integrating population information, or instruction information, at the end. Nataliia said they had just discussed this with
representatives of South Africa. When they tried to use

the DEM for
Zambezi, they encountered complications as

the
area is very large, and DEM needs a lot of resources.
They concluded that they

need to select areas with the most
interest (most highly populated), so would use the population information.

Sergei
i demo
nstrated the application. The user enters start and end time and a

global map
showing

locations with
potential flooding,

including
then text
of
the quantified data.
He noted that

DEM needs to be used to filter out
mountain/shadow effects.

Stuart Frye

next presented the
GEOSS ADC Architecture Implementation Pilot 2 Disaster Management Scenario.
The
CEOS Caribbean flood pilot is an ongoing activity with the objective
to provide relevant flooding data.

D
ata from
about a dozen satellites

are used, along

with
socio
-
economic, land, and precipitation

data
.
S
ervices

and

training

are also
provided. The expected outcome is expected to benefit

civil agencies, decision makers,
the
general public, and dat
a
suppliers. Over the next six or eight

months, they will
build capacity.

Regarding the Disaster Response Overview and the Disaster Management Scenario, they are t
rying to bu
ild a
requirements matrix for f
lood disasters, listing the architecture requirements.

Martha ask
ed whose requirements these
are, and it was

specified that they are

CEOS’
.

Wyn wondered about considerations
needed
to make this sustainable.
WGISS
-
26 Minute
s










-

30

-


The only requirement for sustainability is to have the

prototype running on an operational platfo
rm. They are a
sking
providers to put
the

software on their
own
servers.

Dan Mandl noted that it should be built

simple enough to make it usable. What should the
product look like? A G
oogle
map, where nav
igation is possible. They use m
ashups
with W
eb 2.0 technology instead of
p
ortals. The general concept
is to h
ave a theme (flood), select an area of interest, then use a wizard to help select the appropriate workflow. They ran
an experiment on the Myanmar floods. The rainfall progression from TRMM over 10 days was shown over Myanmar


the flooding occurred in th
e same places as the TRMM flooding potential forecast. MODIS is good because it is twice a
day.

It is desired to integrate

RadarSat (3
m) data
with TRMM data
over Myanmar
.
Salt
water or freshwater flood

forecasts matter to the Red Cross to decide what

resour
ces

to send.

For Fir
e Sensor Web they do a mashup with three

sensors to show the burn area.
A smoke model
can be aggregated to
the other Google displays.

The
EO
-
1 Campaign Manager takes care of managing the request schedule.
T
he actual
coverage

can be v
isualized, as can be

the future tracks of satellites. From this
information a

request

can be made
. The
smoke model would exercise the API based

on high density of smoke to re
-
task the sensors. A very long list of
sensor
web

services is already available,
includi
ng a prototype service that geo
rectifies,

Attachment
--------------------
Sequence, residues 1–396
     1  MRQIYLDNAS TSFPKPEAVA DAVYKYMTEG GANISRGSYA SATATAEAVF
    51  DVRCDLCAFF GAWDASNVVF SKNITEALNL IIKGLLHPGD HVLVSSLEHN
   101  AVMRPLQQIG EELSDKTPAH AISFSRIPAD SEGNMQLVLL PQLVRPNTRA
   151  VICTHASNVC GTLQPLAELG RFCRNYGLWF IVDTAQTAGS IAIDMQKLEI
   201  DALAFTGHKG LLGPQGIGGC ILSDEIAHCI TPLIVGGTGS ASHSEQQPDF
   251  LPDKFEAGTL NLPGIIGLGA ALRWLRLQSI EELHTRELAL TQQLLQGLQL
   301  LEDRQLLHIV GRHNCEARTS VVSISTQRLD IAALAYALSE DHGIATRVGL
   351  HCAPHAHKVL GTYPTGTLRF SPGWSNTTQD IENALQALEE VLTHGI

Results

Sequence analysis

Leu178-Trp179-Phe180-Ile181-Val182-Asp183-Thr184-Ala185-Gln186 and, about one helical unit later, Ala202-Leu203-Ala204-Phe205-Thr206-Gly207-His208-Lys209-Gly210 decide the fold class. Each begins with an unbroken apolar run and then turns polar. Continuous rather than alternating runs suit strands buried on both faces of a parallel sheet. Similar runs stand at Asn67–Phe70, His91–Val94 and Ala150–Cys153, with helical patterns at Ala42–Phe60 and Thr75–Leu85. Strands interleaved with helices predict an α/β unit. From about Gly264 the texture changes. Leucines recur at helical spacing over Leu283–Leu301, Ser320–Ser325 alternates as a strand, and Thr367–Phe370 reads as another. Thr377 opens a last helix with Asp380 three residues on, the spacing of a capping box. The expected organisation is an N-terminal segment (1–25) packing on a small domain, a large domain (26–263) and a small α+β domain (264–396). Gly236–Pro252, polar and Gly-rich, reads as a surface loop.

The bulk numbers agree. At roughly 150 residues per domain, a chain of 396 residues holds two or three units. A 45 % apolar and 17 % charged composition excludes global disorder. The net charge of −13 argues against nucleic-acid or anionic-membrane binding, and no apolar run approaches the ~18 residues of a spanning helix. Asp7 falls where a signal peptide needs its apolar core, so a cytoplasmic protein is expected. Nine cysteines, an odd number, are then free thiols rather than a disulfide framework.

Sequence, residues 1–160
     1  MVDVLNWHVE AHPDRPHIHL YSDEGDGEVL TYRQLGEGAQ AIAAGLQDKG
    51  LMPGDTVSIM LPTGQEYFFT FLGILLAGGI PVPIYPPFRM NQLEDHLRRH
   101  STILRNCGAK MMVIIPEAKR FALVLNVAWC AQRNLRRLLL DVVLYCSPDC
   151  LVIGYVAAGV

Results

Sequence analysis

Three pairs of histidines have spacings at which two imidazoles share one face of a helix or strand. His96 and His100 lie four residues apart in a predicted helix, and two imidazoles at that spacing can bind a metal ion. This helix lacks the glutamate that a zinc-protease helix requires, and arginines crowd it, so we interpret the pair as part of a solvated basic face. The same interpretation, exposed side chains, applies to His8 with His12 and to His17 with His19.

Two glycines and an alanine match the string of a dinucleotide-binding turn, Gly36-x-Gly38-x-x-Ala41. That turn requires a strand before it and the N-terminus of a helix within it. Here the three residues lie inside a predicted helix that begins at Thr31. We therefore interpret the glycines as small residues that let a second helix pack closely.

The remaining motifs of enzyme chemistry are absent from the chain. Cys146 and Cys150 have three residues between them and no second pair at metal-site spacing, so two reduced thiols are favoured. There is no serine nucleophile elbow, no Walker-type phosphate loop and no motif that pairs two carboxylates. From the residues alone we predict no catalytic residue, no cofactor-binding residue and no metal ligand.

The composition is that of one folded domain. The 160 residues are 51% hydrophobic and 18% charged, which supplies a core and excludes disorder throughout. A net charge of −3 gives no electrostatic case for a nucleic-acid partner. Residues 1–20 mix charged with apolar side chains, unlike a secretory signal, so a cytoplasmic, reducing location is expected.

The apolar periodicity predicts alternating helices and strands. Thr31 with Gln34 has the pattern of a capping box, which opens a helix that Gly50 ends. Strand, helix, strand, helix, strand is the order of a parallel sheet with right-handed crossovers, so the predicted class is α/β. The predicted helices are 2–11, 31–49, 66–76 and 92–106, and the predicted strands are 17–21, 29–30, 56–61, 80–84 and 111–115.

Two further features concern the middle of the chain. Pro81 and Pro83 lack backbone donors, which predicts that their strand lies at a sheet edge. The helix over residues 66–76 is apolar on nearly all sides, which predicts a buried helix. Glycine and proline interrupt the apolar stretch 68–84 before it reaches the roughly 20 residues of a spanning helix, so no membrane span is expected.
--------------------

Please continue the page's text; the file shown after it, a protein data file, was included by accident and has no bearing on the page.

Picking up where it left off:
and
another that does atmospheric
correction.

All the services are out there, the workflow manager knows where they are, and so you just grab what you need.

They
are trying to find ways to make the data del
ivery
fast
.

A video was shown of how the wildfire
sensor web

project was
conducted. Data from three sensors
is
overlaid on Google Earth. It also showed how the user selects the workflow so
that users can customize their data needs.

Karen noted
that during

the breakout sessions
these issues should be built on
.

5.4

WGISS, GEOSS, Portals
, and Sensor Webs

from the perspective of ACC and AQ

Stefan Falke

introduced two

main themes: how can
sensor web

tech
nology

and
the ACC contribute to
each other, and
web portals.
The ACC
is
one of the four CEOS pilot constellations. The concept of the constellation is particularly
appropriat
e to atmospheric composition, as e
ach sensor brings its uniqu
e capabilities, and has different characteristics.
As a result, the

best of each
is used
to
produce

the
optimum

picture of
the atmospheric chemistry
.
Take for example the
visual display of
NO
2
; what

does this really mean in t
erms of air quality, and how does one
integrate
it
with other
av
ailable data, and use it

to study certain specif
ic questions
?


T
he ACC project has focused on three sub
-
p
rojects: poll
ution prediction, aircraft volcanic ash warning, and smoke
prediction from biomass burning. This work is closely aligned with the SBA efforts

within GEO.
Future opportunities
include

in
tegrat
ion of

different missions (polar orbiter and geostationary), collaboration,
and data and algorithm
sharing
.
Toward this end, Jay Al
-
Saadi

has summarized and l
isted plans for moving forward, though a number of challenges
exist.

On the sensor web side

some areas where the communities can co
operate are
to dev
elop and apply standards to the
ACC

projects
,
identify information gaps

and

areas of uncertainty
, perform v
arious inte
grated analyses with satellites,
and determine how

to best use sensor assets. A
key point is that
though sensor web

data
are near
-
real time,
they
are also
very valuable retrospectively to validate and improve the models.


In terms of wildfire and smoke applications, sensor networks provide timely data for monitoring, forecasting, ret
asking
sensors, retrospective analysis, forecast model validation, and issuing public health alerts. A wildfire monitoring and
smoke forecasting concept graphic was displayed, noting that models run based on sensor observations, and processing